2. Determine the scale used in the diagram.
3. Determine, to the nearest degree, the angle between north
and the resultant velocity.
0.7 m/s
θ=?
R
1.5 m/s
θ = 65o
Vector properties
1. Vector can be moved parallel to themselves in a diagram.
 
A B
parallelogram

B

A
2. Vectors can be added in any order (commutative and
   
associative)

A B  B  A

B

A
A
B
3. To subtract a vector, add its opposite.

B

A
  

A  B  A  ( B)
4. Multiplying or dividing vectors by scalars results in vectors
with different size, but same direction.
Equilibrant
• The equilibrant vectors of the resultant of A
and B is the opposite of the resultant of
vectors A and B.
B
• Example:
A
Determine
equilibrant of A & B
B
A
R
A
B
R
Parallelogram
Commutative property of vectors
what is the title of this animation:?
Vector subtraction
A
-
=
B
= A
=
A-B
?
+
(-B)
+
Practice: determine resultant for the following diagrams
Mathematical Method - Use
Pythagorean Theorem to determine
magnitude
• The procedure is
restricted to the
that make right angles
to each other.

B

A
+

B
A2 + B2 = C2

= A

C
determine the magnitude of each resultant vector.
Mathematical Method - Using
Trigonometry to Determine a
Vector's Direction
Opp.
sin  
Hyp.
cos  
Hyp.
Opp.
tan  
SOH
CAH
TOA
Example
• Example: Eric leaves the base camp and hikes 11 km, north
and then hikes 11 km east. Determine Eric's resulting
displacement.
θ
A2 + B2 = C2
(11 km)2 + (11 km) 2 = C2
C = 15.6 km
Opp. 11 km
tan  

1
  45o
Eric’s displacement is 15.6 km at 45o northeast
• Note: The measure of an angle as determined through use of
SOH CAH TOA is not always the direction of the vector.
Example: determine the magnitude and direction of
each resultant vector.
Vector Addition: 6 + 8 = ?
All that can be said for certain is that 8 + 6 can add up to a vector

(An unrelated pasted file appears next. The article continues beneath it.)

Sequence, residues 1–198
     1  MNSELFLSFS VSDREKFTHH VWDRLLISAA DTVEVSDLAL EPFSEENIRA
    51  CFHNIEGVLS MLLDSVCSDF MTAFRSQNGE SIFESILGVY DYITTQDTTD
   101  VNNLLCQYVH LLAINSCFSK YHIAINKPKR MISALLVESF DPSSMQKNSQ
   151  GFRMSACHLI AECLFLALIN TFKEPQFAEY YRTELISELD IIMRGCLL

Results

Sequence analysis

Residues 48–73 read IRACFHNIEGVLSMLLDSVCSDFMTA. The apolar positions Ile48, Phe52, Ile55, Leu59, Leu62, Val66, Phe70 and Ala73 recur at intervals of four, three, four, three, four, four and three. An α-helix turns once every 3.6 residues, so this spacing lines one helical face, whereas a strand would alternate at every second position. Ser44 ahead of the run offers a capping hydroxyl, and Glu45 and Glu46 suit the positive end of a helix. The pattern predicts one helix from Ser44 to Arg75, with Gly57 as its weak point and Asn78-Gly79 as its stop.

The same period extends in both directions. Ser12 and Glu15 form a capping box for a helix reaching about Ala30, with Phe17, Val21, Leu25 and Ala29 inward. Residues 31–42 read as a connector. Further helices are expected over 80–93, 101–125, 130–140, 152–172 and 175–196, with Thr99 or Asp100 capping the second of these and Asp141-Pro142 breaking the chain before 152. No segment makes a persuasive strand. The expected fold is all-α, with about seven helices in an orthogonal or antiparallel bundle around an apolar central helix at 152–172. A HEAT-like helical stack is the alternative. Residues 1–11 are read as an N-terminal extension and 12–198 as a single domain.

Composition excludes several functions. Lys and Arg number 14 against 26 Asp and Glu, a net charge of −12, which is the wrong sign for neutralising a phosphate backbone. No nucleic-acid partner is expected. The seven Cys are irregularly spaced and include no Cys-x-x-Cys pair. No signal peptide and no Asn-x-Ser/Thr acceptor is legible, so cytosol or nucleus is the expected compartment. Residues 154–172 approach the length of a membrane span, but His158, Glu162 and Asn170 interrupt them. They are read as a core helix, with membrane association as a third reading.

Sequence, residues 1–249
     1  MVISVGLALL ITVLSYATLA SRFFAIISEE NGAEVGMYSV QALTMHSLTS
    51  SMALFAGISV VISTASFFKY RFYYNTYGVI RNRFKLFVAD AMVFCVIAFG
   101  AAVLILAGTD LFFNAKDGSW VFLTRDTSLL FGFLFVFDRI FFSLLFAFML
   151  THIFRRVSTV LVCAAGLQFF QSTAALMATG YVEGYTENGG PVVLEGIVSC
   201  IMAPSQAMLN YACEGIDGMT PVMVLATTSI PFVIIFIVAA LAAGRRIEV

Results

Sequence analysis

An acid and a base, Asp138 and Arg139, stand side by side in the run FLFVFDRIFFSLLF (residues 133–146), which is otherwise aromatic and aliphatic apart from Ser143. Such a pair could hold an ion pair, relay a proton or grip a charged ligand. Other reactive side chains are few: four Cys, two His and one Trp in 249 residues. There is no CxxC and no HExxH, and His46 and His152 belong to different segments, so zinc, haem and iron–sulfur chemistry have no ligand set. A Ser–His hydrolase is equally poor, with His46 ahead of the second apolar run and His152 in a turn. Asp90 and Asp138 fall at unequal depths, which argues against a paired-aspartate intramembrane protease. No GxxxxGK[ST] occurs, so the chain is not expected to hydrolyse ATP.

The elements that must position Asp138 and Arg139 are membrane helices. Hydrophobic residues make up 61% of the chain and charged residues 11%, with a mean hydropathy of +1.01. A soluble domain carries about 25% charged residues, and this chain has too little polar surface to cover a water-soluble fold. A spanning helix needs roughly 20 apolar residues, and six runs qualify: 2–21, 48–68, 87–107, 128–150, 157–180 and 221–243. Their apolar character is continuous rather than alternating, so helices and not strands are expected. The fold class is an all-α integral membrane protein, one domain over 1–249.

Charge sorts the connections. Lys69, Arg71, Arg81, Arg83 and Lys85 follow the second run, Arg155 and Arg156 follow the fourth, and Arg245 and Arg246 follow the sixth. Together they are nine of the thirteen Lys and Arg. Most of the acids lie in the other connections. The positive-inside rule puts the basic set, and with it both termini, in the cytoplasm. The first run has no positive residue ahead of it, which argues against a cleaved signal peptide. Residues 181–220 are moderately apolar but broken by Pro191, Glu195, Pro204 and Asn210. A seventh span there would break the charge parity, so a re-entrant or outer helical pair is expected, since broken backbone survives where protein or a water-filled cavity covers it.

with a maximum magnitude of 14 and a minimum magnitude of 2.
The maximum is obtained when the two vectors are directed in the
same direction. The minimum is obtained when the two vectors are
directed in the opposite direction. The sum of vectors 8 and vector 6
can be any number between 14 and 2.
Example
•
1.
2.
3.
4.
A 5.0-newton force and a 7.0-newton force
act concurrently on a point. As the angle
between the forces is increased from 0° to
180°, the magnitude of the resultant of the
two forces changes from
0.0 N to 12.0 N
2.0 N to 12.0 N
12.0 N to 2.0 N
12.0 N to 0.0 N
Example
•
1.
2.
3.
4.
A 3-newton force and a 4-newton force are
acting concurrently on a point. Which force
could not produce equilibrium with these two
forces?
1N
7N
9N
4N
Example
•
As the angle between two concurrent forces
decreases, the magnitude of the force
required to produce equilibrium
1. decreases
2. increases
3. remains the same
Example
• Two 20.-newton forces act concurrently on an
object. What angle between these forces will
produce a resultant force with the greatest
magnitude?
A. 0°
B. 45°
C. 90.°
D. 180.°
practices
1.
A person walks 150. meters due east and then walks 30. meters due west.
The entire trip takes the person 10. minutes. Determine the magnitude and
the direction of the person’s total displacement.
2. A dog walks 8.0 meters due north and then 6.0 meters due east.
a. Determine the magnitude of the dog’s total displacement.
b. Use appropriate scale to draw a vector diagram including the resultant
based on the information given.
3. A 20.-newton force due north and a 20.-newton force due east act
concurrently on an object. What is the additional force necessary to bring
the object into a state of equilibrium?
4. As the angle between two concurrent forces decreases, what happens to
the magnitude of the force required to produce equilibrium?
Vector Components
• In situations in which vectors are directed at angles to the
customary coordinate axes, we transform the vector into two
parts with each part being directed along the coordinate axes.
Each part is called a component of the vector. So any vector
can be transformed into two components.
Component 1
Component 1
Component 2
Component 2
• Any vector directed in two dimensions can be thought of as